Charles Moore's Mailbag

Pros of Landline Phones, Upgrades Mean More Useful Life, Delete vs. Backspace Key, and More

Charles Moore - 2010.01.13 - Tip Jar

In Defense of Landline Phones

From Al:

Good Sir,

I appreciated your fine article, In Defense of 'Obsolete' Technologies. I agree with many of your points.

I just wanted to add a good reason to keep landline phones. Cell phone carriers do not maintain the same level of ruggedness as landlines.

Your point about DSL is of course a more appropriate and practical reason.

In general, I thought Mr. Elgan meant to be teasing and cute, but it came off as impertinent. As you pointed out repeatedly, the lack of thought that went into each comment was so vividly obvious.


Hi Al,

Indeed, it's difficult to gauge accurately whether Mr. Elgan was completely serious or just yanking our chain. ;-)

As for landline vs. wireless reliability, please see my Tuesday, January 12 column on LEM.


Upgradable Computers Remain Useful Longer

From Dean:

Hi Charles,

I found your recent comments about the value of upgradable computers interesting. Particularly because I just looked at Apple's latest vintage and obsolete list. It seems that every computer I have is now obsolete or vintage, except for the two new MacBooks I bought for my daughter for school and for my wife.

The interesting thing is I'm writing this on a 2002 Quicksilver that has been upgraded over the years when I had parts. It currently has 1.5 gigabytes of memory, two 4-port USB 2.0 PCI cards, a serial [SATA] hard drive controller card, two 80 gigabyte ATA hard drives on the original ATA bus, two 500 gigabyte serial hard drives controlled by the card, a Pioneer dual-layer DVD burner, a Zip drive (yes, a Zip drive - I have lots of Zip disks I find useful), a Radeon 9800 Pro video card, and a Sonnet dual 1.8 GHz G4 processor upgrade card, running OS X 10.5.8. Granted, it won't run Snow Leopard, but no PowerPC Mac can.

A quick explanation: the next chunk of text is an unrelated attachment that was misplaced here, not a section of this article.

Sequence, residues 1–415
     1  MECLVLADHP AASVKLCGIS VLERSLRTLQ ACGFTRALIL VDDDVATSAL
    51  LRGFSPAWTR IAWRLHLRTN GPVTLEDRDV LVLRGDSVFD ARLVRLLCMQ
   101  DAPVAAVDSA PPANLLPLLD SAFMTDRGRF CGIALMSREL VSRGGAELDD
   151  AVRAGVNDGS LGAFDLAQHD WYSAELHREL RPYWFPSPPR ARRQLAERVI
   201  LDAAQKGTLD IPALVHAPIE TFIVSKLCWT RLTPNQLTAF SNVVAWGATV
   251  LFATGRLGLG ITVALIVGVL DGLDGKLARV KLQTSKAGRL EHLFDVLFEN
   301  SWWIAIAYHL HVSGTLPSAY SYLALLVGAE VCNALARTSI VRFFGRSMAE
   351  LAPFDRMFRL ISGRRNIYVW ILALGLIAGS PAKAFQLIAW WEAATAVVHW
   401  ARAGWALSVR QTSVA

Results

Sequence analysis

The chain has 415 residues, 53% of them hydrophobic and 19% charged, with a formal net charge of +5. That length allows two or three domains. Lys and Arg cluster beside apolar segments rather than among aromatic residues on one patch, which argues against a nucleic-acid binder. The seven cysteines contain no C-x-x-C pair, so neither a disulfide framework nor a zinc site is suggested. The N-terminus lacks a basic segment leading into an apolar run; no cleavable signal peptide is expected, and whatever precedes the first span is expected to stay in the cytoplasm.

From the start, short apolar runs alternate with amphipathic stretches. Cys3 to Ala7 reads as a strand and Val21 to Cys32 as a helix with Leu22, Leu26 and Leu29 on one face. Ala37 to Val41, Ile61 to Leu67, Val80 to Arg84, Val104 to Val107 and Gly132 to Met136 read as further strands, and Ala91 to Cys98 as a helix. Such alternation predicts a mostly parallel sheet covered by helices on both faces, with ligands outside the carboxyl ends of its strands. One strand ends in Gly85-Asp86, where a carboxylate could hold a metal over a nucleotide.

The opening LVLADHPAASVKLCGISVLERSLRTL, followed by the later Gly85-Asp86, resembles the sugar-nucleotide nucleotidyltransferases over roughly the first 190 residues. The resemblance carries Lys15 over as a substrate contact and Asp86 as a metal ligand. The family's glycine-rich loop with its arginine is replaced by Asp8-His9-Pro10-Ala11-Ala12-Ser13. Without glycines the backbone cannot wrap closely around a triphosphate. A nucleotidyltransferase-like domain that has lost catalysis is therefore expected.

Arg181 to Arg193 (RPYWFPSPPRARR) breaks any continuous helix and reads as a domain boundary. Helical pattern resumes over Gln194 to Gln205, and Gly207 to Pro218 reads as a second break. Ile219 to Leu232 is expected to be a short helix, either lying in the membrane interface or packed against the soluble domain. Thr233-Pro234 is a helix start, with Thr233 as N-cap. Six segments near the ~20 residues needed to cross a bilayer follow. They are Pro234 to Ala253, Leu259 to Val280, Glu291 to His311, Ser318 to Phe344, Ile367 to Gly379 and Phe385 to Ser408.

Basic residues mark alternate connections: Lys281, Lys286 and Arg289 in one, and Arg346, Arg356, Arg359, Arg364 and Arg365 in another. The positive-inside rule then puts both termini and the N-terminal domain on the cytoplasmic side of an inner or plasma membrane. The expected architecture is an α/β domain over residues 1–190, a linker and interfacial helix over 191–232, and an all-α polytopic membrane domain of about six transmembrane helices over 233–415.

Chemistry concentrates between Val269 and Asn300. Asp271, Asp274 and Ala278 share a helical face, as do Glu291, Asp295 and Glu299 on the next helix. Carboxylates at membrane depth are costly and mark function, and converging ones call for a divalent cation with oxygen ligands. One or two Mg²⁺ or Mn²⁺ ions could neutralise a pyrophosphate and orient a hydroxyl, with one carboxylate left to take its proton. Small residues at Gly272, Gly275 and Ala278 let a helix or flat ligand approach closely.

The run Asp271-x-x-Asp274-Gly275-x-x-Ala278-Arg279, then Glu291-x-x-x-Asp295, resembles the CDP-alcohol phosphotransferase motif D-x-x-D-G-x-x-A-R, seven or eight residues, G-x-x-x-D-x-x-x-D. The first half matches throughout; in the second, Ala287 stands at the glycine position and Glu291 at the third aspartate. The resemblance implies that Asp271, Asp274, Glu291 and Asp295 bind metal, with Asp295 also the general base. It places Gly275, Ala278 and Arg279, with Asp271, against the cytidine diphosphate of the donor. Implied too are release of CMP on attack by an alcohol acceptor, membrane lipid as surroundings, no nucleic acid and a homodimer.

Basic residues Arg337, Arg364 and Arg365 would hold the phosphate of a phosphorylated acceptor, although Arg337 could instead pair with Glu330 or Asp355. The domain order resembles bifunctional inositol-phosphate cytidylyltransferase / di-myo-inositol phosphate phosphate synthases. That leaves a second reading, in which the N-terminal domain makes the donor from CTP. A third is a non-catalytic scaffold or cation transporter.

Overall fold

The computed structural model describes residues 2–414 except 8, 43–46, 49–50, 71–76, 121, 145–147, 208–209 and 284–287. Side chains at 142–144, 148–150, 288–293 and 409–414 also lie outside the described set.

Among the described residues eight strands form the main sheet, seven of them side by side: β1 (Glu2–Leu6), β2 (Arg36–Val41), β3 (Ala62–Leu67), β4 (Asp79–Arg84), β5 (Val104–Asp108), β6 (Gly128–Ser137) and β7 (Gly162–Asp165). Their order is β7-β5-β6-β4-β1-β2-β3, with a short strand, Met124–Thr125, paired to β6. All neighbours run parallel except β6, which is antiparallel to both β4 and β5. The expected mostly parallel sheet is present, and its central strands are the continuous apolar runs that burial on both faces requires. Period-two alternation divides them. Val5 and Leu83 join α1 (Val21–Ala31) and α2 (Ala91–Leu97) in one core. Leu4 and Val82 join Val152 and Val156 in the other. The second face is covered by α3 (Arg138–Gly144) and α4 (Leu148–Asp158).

That aside, this is still a very capable unit that can handle almost everything thrown at it including you tube, and it is almost 8 years old. It is because of this fact I had to buy my daughter a new MacBook. The computers at her high school (two years old) pale in comparison to this old "vintage" Mac, and she had to bring most of her work home to get it done. She constantly annoyed one of her teachers by telling her that. When you think about it, that is pretty amazing.

Anyway just some thoughts an the value of upgradeable computers.


Hi Dean,

My only Mac that's not on Apple's Vintage or Obsolete list is my eight-month-old MacBook. I could be running Snow Leopard, but I have not made the jump yet, partly due to lack of time to get around to ordering and then installing it. However, Leopard is still doing a great job, and I'm not feeling any compulsion to rush it.

That old Quicksilver sounds like a formidable brute, sort of like my Umax SuperMac S900 was going on a decade ago. I still have it, but it's been something like two years since I booted it up. My daughter also still has an S900 - hers with a 500 MHz G3 processor in it.

I also have a Zip drive expansion bay module for my Pismos (I don't think it's supported by OS X, but of course the Pismos can still boot OS 9, and indeed an old SCSI Zip Drive that will work with the S900 and my old PowerBook 1400.

The Pismos are awesome. I constantly have to remind myself that I'm using a computer that's closer to ten years old than nine. I don't imagine many brand new PC netbooks can hold a candle to it for performance and versatility!


Processor Upgrade or Video Card Upgrade?

From James:


I have a Power Mac G4 Quicksilver (2001) with a 733 MHz processor, a stock video card (AGP 4x Nvidia GeForce 2 MX 32 MB), and 1.25 GB of memory. My question is which upgrade - processor or video card - will make it run better with movies and online for You Tube and Hulu, etc. I want to upgrade as cheaply as possible, as the computer is not worth much yet still has usable life. I would also like specific suggestions of either upgrade that you think will help.